My anticipation finally hit home as Saves the Day took to the stage, including a baby fat version of Lost Boy Chris Conley, and temp fill-in Glassjaw bassist Manuel Carrero, on tour in spot of the recently departed Eben D'Amico. While the band's last headlining tour was practically a huge celebration for fans thanks to fulfilled promises of older material being played, including cuts from the notoriously great Lifetime tribute in Can't Slow Down, I embraced the idea of this being renewed for the current tour rather ambitiously. We were treated to a healthy number of tracks off my personal favorite of the band's discography, Through Being Cool, with Stay What You Are acting as main ambassador for the set list. While the transition to "Holly Hox Forget Me Nots" was a bit sloppy, once things got going it was a highlight; the song's mid-tempo frame is perfect for the band's material as of late -- or so you'd think until you heard the new song. While it may be hard to believe, the one new song the band played off their forthcoming, recently recorded full-length, was fast. Like, Can't Slow Down fast, just about. Parts of it were angry. Needless to say, I was floored. Your preferences of the band's career aside, this may be their most energetic, up-tempo album in at least six years, and I for one have my faith in the band completely restored after 2003's abysmal In Reverie (of whom a few songs have grown on me, but still comes off as a mostly emotionless, uninspired record). What made the set even better was the pacing of older material; as bands tend to do, STD has, for the past few touring years, played their faster songs rather mid-paced, which really hurts the flow and general feel. Here they actually kept it up; for example, the driven, pop-punk masterpiece "You Vandal" was played just as it should: Not exactly breakneck speed, but at the quick beat the studio version is known for. While only one song off CSD was included, it was quite the rarity; Conley stood on stage alone with guitar in hand to play "Three Miles Down;" it's likely the only time I'll ever hear it live, and I was thankful.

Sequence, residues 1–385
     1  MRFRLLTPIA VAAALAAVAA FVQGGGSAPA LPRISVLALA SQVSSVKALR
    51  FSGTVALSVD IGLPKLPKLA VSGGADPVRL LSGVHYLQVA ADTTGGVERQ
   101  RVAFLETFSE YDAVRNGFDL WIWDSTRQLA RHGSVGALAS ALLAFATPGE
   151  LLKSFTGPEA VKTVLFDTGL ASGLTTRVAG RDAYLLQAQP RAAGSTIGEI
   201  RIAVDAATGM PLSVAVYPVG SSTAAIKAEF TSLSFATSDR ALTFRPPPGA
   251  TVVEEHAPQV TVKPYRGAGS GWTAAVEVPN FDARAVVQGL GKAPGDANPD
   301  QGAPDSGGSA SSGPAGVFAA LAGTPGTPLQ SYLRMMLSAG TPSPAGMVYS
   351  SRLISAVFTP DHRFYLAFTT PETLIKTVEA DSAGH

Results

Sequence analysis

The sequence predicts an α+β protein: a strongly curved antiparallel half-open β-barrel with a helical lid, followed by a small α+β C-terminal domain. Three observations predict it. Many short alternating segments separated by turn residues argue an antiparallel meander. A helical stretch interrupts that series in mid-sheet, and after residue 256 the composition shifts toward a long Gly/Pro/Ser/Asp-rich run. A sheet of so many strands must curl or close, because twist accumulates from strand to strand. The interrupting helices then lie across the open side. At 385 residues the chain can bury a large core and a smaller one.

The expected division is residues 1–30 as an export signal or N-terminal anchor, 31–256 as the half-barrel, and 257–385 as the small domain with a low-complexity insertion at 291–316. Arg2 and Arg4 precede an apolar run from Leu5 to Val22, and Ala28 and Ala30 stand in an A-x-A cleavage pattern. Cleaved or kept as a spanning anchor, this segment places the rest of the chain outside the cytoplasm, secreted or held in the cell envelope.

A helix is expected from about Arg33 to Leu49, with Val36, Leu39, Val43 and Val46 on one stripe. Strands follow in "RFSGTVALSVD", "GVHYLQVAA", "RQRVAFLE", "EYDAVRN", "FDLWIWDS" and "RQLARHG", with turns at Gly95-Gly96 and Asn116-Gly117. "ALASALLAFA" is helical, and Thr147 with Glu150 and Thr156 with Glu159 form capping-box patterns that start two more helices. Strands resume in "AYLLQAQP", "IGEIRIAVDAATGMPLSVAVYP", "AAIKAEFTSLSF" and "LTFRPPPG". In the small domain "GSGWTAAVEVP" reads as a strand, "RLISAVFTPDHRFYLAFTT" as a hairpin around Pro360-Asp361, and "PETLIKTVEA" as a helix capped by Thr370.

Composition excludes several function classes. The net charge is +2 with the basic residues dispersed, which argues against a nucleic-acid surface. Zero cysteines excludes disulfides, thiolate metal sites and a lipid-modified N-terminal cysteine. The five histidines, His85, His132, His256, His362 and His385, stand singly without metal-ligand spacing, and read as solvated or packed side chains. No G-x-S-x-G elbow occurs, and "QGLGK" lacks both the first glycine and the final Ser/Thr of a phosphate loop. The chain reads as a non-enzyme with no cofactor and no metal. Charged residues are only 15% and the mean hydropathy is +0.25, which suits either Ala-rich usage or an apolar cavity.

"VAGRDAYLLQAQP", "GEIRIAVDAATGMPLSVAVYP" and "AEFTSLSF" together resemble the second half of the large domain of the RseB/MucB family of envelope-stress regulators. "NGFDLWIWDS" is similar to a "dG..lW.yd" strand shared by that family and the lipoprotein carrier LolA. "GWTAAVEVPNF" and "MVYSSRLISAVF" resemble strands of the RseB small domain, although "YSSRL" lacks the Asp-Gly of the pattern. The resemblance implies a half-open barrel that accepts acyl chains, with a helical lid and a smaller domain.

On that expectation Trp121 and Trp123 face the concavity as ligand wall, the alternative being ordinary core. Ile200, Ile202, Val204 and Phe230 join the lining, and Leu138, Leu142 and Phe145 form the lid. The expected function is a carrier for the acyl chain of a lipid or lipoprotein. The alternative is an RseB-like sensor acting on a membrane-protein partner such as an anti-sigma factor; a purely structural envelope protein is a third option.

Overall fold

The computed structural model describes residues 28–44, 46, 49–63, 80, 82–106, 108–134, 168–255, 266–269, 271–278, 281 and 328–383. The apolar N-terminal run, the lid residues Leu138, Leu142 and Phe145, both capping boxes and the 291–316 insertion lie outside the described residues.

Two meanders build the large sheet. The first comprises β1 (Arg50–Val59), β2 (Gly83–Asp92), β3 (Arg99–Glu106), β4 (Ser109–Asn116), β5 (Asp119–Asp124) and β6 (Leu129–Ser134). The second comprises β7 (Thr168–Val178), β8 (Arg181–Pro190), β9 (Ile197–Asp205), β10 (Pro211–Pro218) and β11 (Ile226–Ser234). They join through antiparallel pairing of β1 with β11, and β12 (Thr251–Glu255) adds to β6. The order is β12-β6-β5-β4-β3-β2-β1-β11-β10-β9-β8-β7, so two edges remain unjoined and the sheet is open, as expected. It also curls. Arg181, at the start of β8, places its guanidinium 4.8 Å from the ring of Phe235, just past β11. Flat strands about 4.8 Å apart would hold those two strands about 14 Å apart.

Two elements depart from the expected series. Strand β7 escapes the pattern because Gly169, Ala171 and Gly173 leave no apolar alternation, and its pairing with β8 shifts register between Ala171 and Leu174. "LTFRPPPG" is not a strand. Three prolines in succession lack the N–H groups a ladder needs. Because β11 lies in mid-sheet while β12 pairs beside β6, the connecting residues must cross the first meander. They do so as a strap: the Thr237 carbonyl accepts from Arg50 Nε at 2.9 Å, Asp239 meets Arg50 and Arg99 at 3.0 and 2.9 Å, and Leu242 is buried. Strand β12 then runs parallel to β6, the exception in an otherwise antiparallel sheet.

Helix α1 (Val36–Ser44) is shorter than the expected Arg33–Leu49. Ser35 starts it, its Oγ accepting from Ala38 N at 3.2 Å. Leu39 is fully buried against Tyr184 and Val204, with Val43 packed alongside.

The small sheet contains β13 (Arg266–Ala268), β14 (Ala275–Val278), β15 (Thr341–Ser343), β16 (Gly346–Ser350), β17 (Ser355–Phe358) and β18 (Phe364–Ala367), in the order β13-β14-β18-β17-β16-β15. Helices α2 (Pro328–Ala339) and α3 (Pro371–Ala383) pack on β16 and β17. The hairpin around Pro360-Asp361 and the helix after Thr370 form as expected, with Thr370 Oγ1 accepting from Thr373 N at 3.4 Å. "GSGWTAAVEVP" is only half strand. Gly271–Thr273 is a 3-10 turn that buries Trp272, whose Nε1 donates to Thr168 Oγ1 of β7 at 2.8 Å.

While the crowd was undeniably shitty -- 60% of the front row area looked completely sedated for half of the set and usually unaware of the song's lyrics -- and the openers probably don't fall under your tastes, I have to recommend attending this, if just for the new song alone. They even play the best tracks off In Reverie (see: single/opener, title track)! There's about a month of dates left, and if you're a fan in some scope or another, it's definitely mandatory attendance.

Set List (in chronological order by way of discography):

  • Three Miles Down (electric, Chris alone)
  • All-Star Me
  • You Vandal
  • Shoulder to the Wheel
  • Rocks Tonic Juice Magic
  • Holly Hox, Forget Me Nots
  • Ups and Downs
  • At Your Funeral
  • Cars & Calories
  • Certain Tragedy
  • As Your Ghost Takes Flight
  • Freakish
  • Firefly
  • Anywhere With You
  • Where Are You?
  • In Reverie
  • new song